The tone is also “intentionally light-hearted and conversational,” unlike traditional textbooks (p. xviii), with expressions like “No need to go gonzo” (p. 165), “Sir Isaac Newton of falling-apple-equals-gravity fame” (p. 115), and “Glom onto a mentor” (p. 261). This approach generally avoids “talking down to anyone” (p. xviii), but the “fast, effortless read” intended actually introduces students to a substantial amount of technical detail in font design, printing, multimedia, storyboard, color, web design, and paper technology—all in less than 288 pages.
Instructors, students, and professionals will value WSINYE for its concision, lively tone, direct, practical advice, plethora of examples, and a helpful glossary. A companion Web site accompanies the book.

Donald R. Riccomini
Donald R. Riccomini is a member of STC and a lecturer in English at Santa Clara University, where he specializes in teaching engineering and technical communications. He previously spent twenty-three years in high technology as a technical writer, engineer, and manager in semiconductors, instrumentation, and server development.

Loaded Words

Marjorie Garber. 2012. New York, NY: Fordham University Press [ISBN 978-0-8232-4205-4. 234 pages, including index. US$26.00 (softcover).]

Screen Shot 2014-06-10 at 3.01.37 PMThe title Loaded Words is slightly misleading because it is a collection of previously published essays. You learn this from the Acknowledgments, if you read them. And, this book has none of the traditional book elements as opposed to a collection: Preface, Introduction, and Conclusion. Adding “And Other Essays” would solve the confusion. But, once you realize this anomaly, you will find some interesting points about language.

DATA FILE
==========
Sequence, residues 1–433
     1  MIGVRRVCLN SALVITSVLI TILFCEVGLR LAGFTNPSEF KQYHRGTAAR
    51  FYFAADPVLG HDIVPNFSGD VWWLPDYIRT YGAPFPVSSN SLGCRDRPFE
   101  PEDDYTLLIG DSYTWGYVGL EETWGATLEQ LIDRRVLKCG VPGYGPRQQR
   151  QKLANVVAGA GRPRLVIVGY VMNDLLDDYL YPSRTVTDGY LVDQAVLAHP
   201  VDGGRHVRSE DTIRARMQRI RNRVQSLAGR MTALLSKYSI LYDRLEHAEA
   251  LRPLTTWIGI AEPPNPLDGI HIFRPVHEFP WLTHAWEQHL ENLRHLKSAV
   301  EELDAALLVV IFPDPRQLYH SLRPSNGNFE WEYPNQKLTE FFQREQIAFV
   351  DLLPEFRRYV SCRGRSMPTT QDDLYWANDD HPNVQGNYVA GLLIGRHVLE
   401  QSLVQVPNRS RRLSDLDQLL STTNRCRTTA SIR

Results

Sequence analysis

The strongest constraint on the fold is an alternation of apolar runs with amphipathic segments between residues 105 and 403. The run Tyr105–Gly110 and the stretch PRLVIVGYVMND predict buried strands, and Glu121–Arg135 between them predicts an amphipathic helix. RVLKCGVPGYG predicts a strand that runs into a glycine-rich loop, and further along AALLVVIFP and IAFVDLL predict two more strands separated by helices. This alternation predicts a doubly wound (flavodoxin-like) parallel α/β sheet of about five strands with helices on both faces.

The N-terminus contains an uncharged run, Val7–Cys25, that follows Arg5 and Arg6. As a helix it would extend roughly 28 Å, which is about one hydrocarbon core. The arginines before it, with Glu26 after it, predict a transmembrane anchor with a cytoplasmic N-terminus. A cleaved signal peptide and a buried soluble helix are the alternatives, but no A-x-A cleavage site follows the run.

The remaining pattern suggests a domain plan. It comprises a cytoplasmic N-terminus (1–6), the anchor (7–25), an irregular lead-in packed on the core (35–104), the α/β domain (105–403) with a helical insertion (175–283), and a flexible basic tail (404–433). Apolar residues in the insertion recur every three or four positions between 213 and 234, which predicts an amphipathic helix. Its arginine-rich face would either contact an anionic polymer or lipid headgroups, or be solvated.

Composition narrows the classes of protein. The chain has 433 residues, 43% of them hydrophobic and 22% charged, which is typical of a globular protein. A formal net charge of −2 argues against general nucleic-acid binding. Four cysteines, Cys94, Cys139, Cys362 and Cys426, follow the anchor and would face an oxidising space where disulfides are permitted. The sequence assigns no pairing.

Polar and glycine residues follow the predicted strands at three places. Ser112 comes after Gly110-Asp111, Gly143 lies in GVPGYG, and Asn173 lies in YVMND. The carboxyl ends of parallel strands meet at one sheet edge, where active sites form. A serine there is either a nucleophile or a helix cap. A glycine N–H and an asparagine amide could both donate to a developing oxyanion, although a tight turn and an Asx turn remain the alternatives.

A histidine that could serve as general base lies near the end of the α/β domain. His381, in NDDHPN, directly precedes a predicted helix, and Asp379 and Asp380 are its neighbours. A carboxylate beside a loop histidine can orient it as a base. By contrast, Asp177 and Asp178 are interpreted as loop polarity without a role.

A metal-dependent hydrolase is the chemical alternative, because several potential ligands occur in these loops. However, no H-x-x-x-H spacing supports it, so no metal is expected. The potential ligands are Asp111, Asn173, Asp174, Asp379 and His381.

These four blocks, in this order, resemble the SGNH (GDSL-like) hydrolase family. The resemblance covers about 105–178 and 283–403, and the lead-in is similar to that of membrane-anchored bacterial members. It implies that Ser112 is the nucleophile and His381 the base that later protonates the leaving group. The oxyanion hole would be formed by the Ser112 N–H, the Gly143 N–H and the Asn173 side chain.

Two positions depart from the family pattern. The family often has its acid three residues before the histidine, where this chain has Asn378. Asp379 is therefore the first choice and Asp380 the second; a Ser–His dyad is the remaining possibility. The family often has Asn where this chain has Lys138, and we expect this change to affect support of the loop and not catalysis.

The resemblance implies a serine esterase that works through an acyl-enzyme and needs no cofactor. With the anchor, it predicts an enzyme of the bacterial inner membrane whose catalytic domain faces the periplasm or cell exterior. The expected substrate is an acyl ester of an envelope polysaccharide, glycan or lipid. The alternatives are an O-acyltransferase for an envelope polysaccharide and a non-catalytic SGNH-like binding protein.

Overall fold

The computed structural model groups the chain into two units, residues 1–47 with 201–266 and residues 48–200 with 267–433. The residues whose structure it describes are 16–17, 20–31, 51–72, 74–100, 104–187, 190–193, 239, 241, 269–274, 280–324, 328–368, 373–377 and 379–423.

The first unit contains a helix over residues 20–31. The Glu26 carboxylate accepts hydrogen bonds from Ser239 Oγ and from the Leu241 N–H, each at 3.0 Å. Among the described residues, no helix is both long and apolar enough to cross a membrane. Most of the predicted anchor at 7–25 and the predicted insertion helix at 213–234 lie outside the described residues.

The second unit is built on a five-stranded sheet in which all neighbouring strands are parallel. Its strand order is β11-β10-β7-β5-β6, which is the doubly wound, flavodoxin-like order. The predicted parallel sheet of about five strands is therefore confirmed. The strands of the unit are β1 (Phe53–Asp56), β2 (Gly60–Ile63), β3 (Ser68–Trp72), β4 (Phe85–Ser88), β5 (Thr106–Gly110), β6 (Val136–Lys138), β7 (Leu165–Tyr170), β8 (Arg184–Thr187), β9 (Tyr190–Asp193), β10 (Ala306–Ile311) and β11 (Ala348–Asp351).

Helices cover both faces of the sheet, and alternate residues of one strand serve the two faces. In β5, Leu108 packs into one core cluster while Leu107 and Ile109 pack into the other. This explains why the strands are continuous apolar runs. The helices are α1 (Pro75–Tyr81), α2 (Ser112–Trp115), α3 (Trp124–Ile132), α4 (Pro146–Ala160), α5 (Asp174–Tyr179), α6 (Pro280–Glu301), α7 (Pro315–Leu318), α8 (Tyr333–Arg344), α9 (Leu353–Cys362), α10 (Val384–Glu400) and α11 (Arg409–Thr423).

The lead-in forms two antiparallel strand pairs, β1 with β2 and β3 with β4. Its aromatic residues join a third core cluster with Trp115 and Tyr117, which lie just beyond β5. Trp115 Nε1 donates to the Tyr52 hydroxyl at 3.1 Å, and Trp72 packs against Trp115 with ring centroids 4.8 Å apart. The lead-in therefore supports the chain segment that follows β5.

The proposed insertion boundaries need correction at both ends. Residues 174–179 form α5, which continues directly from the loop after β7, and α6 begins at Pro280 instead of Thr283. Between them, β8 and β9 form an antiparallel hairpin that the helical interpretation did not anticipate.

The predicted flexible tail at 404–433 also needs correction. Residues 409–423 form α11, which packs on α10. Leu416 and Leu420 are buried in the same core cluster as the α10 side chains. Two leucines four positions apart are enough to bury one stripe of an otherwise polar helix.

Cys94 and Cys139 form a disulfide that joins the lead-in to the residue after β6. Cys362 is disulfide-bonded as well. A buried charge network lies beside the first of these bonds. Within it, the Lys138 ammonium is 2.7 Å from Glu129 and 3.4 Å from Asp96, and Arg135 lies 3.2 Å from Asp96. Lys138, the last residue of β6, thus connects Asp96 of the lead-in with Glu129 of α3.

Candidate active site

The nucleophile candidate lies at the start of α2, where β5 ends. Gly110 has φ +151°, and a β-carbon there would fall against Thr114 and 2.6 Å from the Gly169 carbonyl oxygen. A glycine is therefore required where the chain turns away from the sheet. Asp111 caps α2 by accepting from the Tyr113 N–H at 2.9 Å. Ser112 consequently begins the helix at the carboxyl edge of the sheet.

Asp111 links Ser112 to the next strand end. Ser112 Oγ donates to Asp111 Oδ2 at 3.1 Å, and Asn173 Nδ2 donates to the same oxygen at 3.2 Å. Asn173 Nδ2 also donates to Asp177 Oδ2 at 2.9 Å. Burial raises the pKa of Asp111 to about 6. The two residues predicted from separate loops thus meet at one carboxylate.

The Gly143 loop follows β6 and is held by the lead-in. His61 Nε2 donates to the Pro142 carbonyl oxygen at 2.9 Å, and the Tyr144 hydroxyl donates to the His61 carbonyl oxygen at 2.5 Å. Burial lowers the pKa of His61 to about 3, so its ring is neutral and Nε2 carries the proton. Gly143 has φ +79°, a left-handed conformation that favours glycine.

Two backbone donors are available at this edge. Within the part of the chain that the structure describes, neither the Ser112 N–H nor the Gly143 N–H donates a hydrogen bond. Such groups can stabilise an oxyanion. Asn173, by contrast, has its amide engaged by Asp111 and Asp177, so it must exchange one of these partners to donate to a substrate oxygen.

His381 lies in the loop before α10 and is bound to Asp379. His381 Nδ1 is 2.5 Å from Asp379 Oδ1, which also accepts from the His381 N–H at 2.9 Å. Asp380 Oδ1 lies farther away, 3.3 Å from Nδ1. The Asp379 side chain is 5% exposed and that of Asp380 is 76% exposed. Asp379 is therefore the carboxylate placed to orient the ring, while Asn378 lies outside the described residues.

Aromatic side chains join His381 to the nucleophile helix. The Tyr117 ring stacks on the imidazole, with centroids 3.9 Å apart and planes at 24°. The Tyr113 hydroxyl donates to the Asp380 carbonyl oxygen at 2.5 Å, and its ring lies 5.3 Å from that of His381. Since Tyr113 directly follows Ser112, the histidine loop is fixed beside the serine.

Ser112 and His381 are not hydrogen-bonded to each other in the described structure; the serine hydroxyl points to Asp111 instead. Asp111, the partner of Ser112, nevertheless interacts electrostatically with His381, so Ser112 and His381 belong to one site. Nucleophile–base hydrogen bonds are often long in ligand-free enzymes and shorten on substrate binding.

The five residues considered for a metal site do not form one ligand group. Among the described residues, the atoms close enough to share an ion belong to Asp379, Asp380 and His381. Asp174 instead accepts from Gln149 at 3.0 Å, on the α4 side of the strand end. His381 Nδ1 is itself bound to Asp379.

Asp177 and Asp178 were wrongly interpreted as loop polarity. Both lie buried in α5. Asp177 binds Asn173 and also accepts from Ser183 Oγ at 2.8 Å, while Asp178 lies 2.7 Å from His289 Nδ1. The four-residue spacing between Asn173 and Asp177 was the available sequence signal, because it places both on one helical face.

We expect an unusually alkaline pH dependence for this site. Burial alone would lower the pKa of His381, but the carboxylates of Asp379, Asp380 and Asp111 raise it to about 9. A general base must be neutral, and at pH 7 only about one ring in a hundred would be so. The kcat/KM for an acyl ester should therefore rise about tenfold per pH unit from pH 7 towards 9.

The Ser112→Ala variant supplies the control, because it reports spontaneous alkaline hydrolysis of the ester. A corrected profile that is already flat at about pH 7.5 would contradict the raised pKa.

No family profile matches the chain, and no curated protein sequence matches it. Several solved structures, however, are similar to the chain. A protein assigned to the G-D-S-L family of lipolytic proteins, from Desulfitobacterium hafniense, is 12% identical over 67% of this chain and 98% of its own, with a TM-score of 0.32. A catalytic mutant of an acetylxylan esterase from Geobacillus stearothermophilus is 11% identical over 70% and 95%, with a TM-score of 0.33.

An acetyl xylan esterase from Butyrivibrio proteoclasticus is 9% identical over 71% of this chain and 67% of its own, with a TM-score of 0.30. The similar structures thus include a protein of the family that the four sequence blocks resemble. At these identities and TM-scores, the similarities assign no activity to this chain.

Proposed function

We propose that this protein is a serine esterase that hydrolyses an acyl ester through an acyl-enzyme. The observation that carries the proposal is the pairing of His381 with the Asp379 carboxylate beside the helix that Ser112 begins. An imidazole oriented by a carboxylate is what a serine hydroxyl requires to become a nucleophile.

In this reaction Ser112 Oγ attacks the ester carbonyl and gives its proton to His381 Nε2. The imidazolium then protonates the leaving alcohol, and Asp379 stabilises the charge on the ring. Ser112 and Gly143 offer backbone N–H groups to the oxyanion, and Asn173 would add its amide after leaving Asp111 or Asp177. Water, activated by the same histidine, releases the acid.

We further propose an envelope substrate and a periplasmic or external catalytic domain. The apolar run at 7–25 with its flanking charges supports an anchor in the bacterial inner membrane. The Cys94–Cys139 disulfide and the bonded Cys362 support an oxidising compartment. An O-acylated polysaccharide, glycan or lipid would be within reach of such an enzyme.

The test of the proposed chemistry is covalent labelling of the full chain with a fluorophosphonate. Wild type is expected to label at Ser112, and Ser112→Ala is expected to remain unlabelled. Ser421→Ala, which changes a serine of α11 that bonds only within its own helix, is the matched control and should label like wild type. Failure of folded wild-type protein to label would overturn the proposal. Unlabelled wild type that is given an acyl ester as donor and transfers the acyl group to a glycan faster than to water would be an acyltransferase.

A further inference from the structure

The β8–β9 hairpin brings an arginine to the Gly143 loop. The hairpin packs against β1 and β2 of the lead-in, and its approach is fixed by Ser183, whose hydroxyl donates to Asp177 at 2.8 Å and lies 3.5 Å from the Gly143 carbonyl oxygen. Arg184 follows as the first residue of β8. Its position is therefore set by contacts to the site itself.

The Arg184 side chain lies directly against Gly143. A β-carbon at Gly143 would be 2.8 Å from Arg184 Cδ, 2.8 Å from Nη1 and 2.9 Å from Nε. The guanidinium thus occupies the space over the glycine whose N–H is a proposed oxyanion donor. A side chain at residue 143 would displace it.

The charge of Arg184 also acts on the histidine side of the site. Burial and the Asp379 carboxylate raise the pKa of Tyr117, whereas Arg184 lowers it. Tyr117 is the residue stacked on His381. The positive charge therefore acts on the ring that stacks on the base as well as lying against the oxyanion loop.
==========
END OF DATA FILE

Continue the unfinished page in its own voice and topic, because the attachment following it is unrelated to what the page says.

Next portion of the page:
Garber collects 15 of her essays from both academic and non-academic sources. The first essay—she calls the essays chapters—introduces what she sees as loaded words, what they are, how they are used, what they contain, and so forth. Loading refers for her to the narrow application of the word, and empty to a broadening of that usage. Empty words become dead modifiers (and she admits a prejudice against nouns as adjectives). One culprit she finds in converting loaded words to empty ones is advertising.

Beginning with essay/chapter 2, she discusses a wide range of topics, but always seems to return to her specialties: Shakespeare and the humanities. Each essay either overtly or subtly argues for the importance of the humanities in post-secondary education. So, if your background or interest is in Shakespeare or the humanities after your technical communication work, this collection should be enjoyable reading.